1/2 Cup Walnut Pieces

1 Tbsp Chia Seeds* in 1 Tbsp Water

1 Cup Frozen Sweetcorn, defrosted

1 Onion, chopped

1/2 Stick Celery + leaves, chopped

1/2 Small Carrot, shaved

1 Clove Garlic, pressed

A good splash of Tamari

1 Tbsp Cumin Seeds

Pinch of Pink Himalayan Salt + Black Pepper

1 Tbsp Dried Miso Soup

2-3 Tbsps Chickpea Flour + extra for shaping & frying

imagePut everything in the food processor and pulse a few times to  bring it together, don’t overdo it  you want some texture not a purée! Test to see if you can squeeze it together. If it’s too wet, add a little more flour.

Dust a board with some flour and shape the mix into burgers.


We managed 4 good-sized ones and a smaller one.

They are quite soft, so handle gently and use a fish slice to lift them into the pan and flip them over.

Melt a little coconut oil in a large frying pan, but not smoking.


Cook on a medium heat turning a couple of times until done.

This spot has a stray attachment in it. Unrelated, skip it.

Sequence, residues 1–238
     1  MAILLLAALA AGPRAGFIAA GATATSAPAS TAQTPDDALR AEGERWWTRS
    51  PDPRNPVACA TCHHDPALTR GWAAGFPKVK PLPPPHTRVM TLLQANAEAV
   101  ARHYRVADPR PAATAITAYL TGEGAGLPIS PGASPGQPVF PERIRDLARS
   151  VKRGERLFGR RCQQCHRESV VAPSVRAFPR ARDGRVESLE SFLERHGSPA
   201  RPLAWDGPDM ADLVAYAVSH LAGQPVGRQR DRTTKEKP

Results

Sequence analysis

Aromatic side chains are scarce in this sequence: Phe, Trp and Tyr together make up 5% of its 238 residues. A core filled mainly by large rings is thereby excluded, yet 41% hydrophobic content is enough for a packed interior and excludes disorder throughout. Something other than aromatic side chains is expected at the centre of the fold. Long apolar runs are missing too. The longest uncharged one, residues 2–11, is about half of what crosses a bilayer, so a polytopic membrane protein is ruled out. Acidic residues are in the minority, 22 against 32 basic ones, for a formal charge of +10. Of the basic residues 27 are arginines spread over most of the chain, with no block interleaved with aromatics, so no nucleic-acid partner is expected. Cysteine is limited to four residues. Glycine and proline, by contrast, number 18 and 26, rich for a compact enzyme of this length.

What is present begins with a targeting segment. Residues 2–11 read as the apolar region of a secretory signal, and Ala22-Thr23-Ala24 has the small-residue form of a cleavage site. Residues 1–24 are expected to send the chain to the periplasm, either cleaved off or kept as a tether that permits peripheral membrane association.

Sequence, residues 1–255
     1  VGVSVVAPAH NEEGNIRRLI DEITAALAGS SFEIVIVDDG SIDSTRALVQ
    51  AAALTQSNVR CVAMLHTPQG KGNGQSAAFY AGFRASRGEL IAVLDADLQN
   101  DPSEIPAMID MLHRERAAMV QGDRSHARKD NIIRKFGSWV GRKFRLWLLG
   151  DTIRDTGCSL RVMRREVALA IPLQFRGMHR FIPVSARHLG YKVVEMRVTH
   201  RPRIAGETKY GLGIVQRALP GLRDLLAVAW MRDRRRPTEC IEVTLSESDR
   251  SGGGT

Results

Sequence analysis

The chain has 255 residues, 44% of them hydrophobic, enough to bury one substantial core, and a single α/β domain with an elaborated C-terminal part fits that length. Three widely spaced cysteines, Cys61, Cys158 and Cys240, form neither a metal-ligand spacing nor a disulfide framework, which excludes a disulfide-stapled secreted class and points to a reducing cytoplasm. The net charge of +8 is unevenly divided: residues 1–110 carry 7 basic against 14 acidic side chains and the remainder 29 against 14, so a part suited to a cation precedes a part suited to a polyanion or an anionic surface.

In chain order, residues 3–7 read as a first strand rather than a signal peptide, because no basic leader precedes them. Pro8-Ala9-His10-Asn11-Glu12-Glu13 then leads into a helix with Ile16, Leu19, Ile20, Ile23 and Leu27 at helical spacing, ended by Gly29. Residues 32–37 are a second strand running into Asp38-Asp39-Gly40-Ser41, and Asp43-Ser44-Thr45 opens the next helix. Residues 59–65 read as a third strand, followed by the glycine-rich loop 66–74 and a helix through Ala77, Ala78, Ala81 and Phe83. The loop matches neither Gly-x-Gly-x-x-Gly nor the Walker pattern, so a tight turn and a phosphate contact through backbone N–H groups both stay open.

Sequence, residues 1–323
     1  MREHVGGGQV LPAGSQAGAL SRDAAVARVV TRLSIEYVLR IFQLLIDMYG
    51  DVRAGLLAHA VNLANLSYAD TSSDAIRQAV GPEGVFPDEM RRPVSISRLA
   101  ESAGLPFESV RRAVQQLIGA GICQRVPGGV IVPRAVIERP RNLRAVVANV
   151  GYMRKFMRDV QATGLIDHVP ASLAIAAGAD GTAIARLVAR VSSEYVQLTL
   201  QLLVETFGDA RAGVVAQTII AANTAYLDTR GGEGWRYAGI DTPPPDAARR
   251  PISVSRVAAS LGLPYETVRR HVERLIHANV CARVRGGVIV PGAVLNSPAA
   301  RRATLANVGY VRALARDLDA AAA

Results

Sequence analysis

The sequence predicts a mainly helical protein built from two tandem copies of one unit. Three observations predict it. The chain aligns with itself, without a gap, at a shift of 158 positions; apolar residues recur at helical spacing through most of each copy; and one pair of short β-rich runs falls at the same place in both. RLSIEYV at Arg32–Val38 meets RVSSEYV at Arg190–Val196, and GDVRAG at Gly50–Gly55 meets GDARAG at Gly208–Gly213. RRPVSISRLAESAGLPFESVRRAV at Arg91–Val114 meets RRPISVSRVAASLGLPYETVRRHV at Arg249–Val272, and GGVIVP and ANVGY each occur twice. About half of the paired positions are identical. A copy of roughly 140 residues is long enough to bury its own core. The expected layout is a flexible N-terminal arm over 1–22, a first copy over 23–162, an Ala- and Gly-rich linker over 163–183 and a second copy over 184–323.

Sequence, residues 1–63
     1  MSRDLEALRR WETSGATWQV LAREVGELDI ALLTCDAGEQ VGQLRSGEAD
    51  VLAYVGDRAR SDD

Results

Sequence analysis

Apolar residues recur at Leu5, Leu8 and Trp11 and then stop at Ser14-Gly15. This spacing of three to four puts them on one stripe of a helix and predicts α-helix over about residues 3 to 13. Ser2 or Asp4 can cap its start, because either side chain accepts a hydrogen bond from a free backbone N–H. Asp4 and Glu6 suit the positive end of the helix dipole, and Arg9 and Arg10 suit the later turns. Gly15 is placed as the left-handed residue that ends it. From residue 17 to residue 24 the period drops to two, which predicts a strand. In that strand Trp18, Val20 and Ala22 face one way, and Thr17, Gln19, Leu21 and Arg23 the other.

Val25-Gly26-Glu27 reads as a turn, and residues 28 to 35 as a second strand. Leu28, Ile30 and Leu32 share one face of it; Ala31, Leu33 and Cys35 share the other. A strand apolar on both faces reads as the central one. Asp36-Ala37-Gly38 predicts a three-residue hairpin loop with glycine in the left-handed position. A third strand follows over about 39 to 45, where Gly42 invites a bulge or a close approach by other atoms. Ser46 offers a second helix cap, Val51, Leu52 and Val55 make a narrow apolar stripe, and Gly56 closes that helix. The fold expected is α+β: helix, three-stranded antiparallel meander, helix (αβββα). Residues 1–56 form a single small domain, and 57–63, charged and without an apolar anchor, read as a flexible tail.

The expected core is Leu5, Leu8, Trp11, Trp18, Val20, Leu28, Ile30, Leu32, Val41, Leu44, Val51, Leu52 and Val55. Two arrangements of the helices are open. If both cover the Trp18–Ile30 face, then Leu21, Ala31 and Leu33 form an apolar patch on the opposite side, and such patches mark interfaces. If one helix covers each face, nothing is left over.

imageServed with a watercress or babyleaf and rocket salad, we added sprouted mung beans (more protein), and cumin spiced sweet potato oven chips (fries) with a piquant cashew ‘cheese’ sauce (see here for recipe),


Do visit Greg, his blog is full of improvised, unusual and colourful recipes and beautiful photos (click on the link at the top of this post).


Copyright: Chris McGowan

Blended Purple Carrot Memory Juice*

As promised in Ever Had Purple Carrots?  here is a recipe using purple carrots and carrot greens.  I’ve called it the Memory Juice because the anthocyanins that make fruit and veg purple are believed to help with improved memory, among many other benefits. Click the link to find out all about why you should not turn your nose up at differently coloured vegetables or discard your greens.